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9.
Due to the high cost of tax compliance, companies will often pay for the tax planning and accounting fees for their executives’ tax returns.
The year of entry into the US is particularly complex for individuals, as it can be considered a dual status year. What happens in these cases is essentially two returns get filed. One for the first half of the year where you are a nonresident alien and only taxable on any US sourced income, and the other half of the year where you are a resident alien and taxable on worldwide income. The dual status year offers opportunities to calculate tax in the manner which will have the smallest liability. Accounting fees vary widely depending on your circumstances which is why many companies take the position that it is a necessary business expense for them to obtain the expertise of the transferred individual. This also ensures the employee works with a knowledgeable international tax advisor which can help minimize potential problems down the line.
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10.
The totalization agreement between the US and your home country may be used to prevent payments in the US social security system.
This benefit is typically available for individuals that are going to be working in the US for three years or less. It allows you to continue paying into your home social security system without having to pay US social security taxes since you probably will not be retiring in the US. This saves both yourself and your US employer the cost of US social security taxes. To take advantage of the totalization agreement between the US and your home country, you must apply for a certificate of coverage. This certificate is then given to your US employer indicating that you are already covered in your home country and that no social security withholding is required from your US payroll.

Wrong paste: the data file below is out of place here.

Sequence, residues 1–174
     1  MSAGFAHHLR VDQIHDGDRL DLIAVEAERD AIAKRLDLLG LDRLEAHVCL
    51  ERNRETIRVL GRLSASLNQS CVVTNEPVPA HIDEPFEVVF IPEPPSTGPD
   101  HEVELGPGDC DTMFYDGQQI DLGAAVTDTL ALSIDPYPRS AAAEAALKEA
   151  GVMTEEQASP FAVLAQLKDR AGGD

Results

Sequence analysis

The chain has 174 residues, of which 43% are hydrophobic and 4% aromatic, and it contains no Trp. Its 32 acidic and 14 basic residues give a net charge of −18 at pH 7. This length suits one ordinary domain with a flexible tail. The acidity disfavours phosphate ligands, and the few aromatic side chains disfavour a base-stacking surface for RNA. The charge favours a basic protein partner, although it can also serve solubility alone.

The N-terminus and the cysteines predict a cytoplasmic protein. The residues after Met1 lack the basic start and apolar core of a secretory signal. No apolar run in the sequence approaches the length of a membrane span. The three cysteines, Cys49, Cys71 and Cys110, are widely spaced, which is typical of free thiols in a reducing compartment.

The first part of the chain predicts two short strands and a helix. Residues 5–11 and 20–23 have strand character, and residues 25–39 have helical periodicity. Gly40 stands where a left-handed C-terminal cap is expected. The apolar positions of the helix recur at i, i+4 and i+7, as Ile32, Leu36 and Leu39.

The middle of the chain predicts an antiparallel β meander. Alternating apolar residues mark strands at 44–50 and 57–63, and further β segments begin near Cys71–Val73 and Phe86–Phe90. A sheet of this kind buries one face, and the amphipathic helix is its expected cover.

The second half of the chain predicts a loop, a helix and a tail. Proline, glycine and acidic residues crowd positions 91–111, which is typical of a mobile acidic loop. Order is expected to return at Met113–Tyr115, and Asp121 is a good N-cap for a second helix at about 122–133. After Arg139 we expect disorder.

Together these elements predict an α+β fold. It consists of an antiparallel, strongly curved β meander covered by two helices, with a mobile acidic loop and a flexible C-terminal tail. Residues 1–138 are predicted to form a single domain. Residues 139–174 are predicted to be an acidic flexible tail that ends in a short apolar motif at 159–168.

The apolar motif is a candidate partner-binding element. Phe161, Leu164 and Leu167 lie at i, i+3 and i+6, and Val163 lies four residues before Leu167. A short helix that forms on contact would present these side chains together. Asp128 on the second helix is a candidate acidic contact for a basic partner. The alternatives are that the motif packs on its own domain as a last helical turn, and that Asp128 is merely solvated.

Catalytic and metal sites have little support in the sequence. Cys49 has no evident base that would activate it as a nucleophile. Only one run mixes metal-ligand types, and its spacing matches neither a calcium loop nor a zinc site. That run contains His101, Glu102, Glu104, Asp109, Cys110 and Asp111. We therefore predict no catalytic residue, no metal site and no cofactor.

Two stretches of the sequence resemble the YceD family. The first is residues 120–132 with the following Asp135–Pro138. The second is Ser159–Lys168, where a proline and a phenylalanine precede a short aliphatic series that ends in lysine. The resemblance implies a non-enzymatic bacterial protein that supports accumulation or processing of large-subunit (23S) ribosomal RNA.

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Hopefully I haven’t scared you from moving to the US!  While there are many pitfalls in the US tax system, it can be easy to navigate if you have an advisor who knows what they are doing.  In summary, make sure to plan ahead, seek advice from international tax advisors in both the US and your home country, and just keep it simple.  Wishing you the best of luck in the USA!

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Leah LeLoup is a Certified Public Accountant (CPA) and International Tax Manager at Hutchinson and Bloodgood LLP, in San Diego California.

HBLLP is a full-service CPA firm and a member of two international accounting firm organizations facilitating access to professionals around the world. Leah works with a large group of European inbound businesses in the US and their executives.

Leah can be reached at:  lleloup@hbllp.com or 1-619-849-6527.

ZLeah LeLoup, CPA